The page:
Can You Cure Psoriasis?
Psoriasis is characterised as a condition where you have red, scaly patches spanning swathes of the skin. It’s believed to start as a result of an overactive immune system. It can show up virtually anywhere on the skin from the scalp to the toenails.
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One of the first things you will want to know about the disease if you are newly diagnosed is whether it can be cured. Unfortunately, the consensus from the science community is that there is no cure. However, there are things that can help when treating symptoms or bringing symptoms under control.
Corticosteroids, creams, ointments and lotions
Your first line of defense is likely to be corticosteroids, creams, ointments and lotions. Corticosteroids work by applying the treatment to an affected area of skin. It penetrates through the skin to act on inflammation caused by psoriasis. It can reduce redness and scaling.
Certain corticosteroids may harbor quite a few different side effects, particularly depending on the potency of the product. If you have high potency, you have to be careful that the skin does not become thinned or damaged from prolonged use1.
The other main consideration is that the more you use these treatments, the less effective they can become. In addition, they can trigger a ‘rebound’ effect if stopped abruptly. Always speak to your doctor about these effects.
A secondary defense
Creams, ointments, and lotions can provide a secondary defense.1 They are good at getting into the skin, relieving itch, burning and pain sensations. The creams and ointments I’ve used have never cleared my psoriasis but they work brilliantly at reducing the redness and stopping scaling.
They are also great at lifting hard-to-reach scales or scales which are particularly thick. Oils can also be good for this. Coconut oil, for example, is something you can apply to the scalp and leave in overnight where it will help to soothe scales and lift them from your head.
If corticosteroids don’t help or psoriasis comes back, you may get to try phototherapy. There are three approaches to consider if you want phototherapy. The first is to use narrow band UVB phototherapeutic tubes2. For this treatment, the skin is exposed to rays of light which helps to reduce the production of skin cells and get rid of inflammation2.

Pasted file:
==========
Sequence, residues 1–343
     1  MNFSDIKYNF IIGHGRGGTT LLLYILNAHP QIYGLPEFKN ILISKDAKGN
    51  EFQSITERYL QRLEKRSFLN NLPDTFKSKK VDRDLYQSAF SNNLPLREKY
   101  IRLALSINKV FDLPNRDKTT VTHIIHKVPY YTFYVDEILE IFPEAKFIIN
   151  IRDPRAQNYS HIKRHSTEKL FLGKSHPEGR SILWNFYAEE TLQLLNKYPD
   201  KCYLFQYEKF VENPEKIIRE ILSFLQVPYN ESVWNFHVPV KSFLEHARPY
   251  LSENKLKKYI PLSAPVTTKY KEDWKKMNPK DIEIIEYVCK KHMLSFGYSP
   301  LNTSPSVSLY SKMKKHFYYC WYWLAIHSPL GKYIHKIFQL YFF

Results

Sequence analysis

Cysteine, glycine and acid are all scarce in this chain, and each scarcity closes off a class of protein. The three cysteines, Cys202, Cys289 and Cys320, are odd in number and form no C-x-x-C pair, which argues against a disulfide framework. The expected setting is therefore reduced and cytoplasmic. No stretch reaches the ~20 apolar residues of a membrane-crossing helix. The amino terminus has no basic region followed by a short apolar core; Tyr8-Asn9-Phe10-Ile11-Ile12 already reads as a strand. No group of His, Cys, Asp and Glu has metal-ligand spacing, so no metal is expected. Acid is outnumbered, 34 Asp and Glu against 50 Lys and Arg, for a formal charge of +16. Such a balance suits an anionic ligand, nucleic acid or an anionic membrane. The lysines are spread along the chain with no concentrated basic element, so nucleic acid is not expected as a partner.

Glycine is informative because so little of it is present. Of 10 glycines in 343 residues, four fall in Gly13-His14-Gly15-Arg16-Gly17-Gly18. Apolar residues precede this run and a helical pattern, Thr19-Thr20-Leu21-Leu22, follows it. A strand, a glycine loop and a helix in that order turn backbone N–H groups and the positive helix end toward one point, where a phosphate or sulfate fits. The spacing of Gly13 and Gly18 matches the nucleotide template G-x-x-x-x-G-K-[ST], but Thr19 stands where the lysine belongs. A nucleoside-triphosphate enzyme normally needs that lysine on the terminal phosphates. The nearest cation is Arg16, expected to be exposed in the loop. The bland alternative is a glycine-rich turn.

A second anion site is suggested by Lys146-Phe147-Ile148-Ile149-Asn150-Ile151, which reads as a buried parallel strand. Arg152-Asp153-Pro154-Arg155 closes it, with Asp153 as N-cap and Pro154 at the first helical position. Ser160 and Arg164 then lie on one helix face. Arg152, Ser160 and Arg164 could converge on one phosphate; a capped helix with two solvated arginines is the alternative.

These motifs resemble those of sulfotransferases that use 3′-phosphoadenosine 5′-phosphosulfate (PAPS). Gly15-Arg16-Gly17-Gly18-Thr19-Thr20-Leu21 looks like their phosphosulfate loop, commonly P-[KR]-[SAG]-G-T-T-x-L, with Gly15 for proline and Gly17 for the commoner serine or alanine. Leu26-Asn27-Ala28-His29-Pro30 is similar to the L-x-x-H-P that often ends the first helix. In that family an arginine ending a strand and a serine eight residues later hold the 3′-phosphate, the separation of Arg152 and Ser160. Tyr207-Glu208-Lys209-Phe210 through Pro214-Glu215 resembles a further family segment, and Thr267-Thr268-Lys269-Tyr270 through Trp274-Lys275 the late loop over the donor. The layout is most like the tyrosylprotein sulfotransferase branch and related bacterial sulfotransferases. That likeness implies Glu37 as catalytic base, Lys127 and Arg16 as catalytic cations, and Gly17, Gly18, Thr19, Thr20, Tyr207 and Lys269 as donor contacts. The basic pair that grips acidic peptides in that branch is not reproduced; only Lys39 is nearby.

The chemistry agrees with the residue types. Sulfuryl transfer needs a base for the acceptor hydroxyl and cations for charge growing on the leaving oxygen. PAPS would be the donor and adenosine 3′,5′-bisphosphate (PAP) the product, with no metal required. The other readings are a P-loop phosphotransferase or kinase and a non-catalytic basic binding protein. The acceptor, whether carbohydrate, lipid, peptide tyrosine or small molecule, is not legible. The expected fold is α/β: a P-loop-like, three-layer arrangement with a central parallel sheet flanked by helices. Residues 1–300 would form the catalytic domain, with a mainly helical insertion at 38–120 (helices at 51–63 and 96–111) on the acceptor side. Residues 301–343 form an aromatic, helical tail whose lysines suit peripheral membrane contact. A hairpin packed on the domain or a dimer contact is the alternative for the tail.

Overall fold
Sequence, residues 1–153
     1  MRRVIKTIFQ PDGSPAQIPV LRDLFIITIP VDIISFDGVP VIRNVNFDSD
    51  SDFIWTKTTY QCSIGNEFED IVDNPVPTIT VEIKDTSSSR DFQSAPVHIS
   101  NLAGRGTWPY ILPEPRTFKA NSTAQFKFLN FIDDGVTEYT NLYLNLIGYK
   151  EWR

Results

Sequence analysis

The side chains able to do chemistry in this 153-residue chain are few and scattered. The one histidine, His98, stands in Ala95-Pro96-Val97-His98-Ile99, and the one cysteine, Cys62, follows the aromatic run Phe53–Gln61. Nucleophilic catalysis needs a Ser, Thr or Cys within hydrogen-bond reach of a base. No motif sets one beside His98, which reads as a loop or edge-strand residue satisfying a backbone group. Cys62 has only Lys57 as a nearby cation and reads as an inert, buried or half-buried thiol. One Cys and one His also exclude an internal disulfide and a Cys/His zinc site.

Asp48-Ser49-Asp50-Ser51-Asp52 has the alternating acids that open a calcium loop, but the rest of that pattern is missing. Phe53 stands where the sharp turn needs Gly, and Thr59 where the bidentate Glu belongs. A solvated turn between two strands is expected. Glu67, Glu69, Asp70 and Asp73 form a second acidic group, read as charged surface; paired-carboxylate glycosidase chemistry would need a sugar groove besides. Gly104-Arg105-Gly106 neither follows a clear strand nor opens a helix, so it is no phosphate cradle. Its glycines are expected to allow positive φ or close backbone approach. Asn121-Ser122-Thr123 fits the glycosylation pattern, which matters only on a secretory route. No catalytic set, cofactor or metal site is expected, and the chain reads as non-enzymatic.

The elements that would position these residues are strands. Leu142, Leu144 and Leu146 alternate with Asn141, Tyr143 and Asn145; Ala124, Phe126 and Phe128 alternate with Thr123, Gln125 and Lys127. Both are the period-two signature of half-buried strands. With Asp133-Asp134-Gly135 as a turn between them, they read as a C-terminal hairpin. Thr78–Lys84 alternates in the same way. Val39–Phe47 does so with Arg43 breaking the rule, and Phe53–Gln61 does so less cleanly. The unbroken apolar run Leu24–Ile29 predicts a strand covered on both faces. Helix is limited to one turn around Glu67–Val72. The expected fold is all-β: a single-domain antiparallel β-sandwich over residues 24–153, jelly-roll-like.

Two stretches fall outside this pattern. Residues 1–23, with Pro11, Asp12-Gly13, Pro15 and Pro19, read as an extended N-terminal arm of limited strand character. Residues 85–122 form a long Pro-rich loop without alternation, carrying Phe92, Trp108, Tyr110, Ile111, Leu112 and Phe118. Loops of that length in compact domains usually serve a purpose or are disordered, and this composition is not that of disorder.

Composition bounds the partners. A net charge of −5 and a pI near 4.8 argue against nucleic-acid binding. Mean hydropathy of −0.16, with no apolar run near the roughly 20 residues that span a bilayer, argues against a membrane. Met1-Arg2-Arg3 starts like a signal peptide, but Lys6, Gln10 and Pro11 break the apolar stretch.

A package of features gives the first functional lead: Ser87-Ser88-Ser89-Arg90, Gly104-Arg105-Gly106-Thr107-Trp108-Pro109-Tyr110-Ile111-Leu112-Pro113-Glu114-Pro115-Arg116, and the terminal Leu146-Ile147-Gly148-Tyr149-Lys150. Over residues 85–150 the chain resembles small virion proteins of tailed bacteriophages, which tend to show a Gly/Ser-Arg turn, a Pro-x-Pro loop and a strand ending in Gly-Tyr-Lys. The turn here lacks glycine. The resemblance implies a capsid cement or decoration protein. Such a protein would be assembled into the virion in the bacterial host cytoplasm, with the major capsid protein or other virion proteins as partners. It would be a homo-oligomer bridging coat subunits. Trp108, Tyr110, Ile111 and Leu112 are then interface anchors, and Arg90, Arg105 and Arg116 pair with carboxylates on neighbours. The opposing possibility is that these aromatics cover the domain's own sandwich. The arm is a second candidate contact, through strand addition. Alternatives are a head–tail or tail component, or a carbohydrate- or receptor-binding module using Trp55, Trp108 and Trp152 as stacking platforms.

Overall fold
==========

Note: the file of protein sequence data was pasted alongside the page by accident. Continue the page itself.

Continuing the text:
You also have UVA therapy. This works slightly differently. It works by exposing the skin to a certain light, but you also have to take a medication known as psoralen2. You take this medication to make the skin more susceptible to light, so it radiates much more effectively2.
There is another UVB option too. This is called balneophototherapy 2. It works by the individual soaking themselves in water with substances for around 20 minutes. UV light is exposed to the person’s skin while they are soaking or shortly afterwards 2. Be aware that with all of these options, there are potential side effects. Skin cancer is one. Discuss these with your medical team.
Oral medication and their side effects
If phototherapy doesn’t help or you don’t want it, you could try oral medication. Methotrexate is one such method. It works by reducing a range of different proteins known for causing inflammation3. But again, the treatment has side effects. And, you shouldn’t drink alcohol while you are on it.
The other oral treatment is cyclosporine. It works in a similar fashion. But again, carries side effects. Always consult your medical team.
Understanding the many treatment options
If you don’t want those treatments, you can opt for biologic therapy. These are generally newer treatments and I’ve written a separate article on how they work. You will generally be offered one if you have moderate to severe plaque psoriasis, it’s having a big impact on your life and other treatments you’ve tried have not worked. They are a good option but carry side effects.
The list above isn’t exhaustive on treating your psoriasis. There are lots of other options: coal tar shampoo, for example. But they give you a good idea of what you can do to help your psoriasis. I am sorry that it isn’t curable, but there are plenty of ways of treating the symptoms or putting the disease into remission so you don’t have it bothering you.
Scientists know that the effects of psoriasis are often as bad as having another life-limiting condition such as cancer, so understand the impact the condition can have. If you’re newly diagnosed, go into your dermatology appointment armed with information and do your research on what treatment you would like.
Lots can help, but some won’t. Be open to trying different things. And remember: it may not be curable, but it is treatable. Go and get your life back.
Do you get frustrated with your psoriasis treatment plan?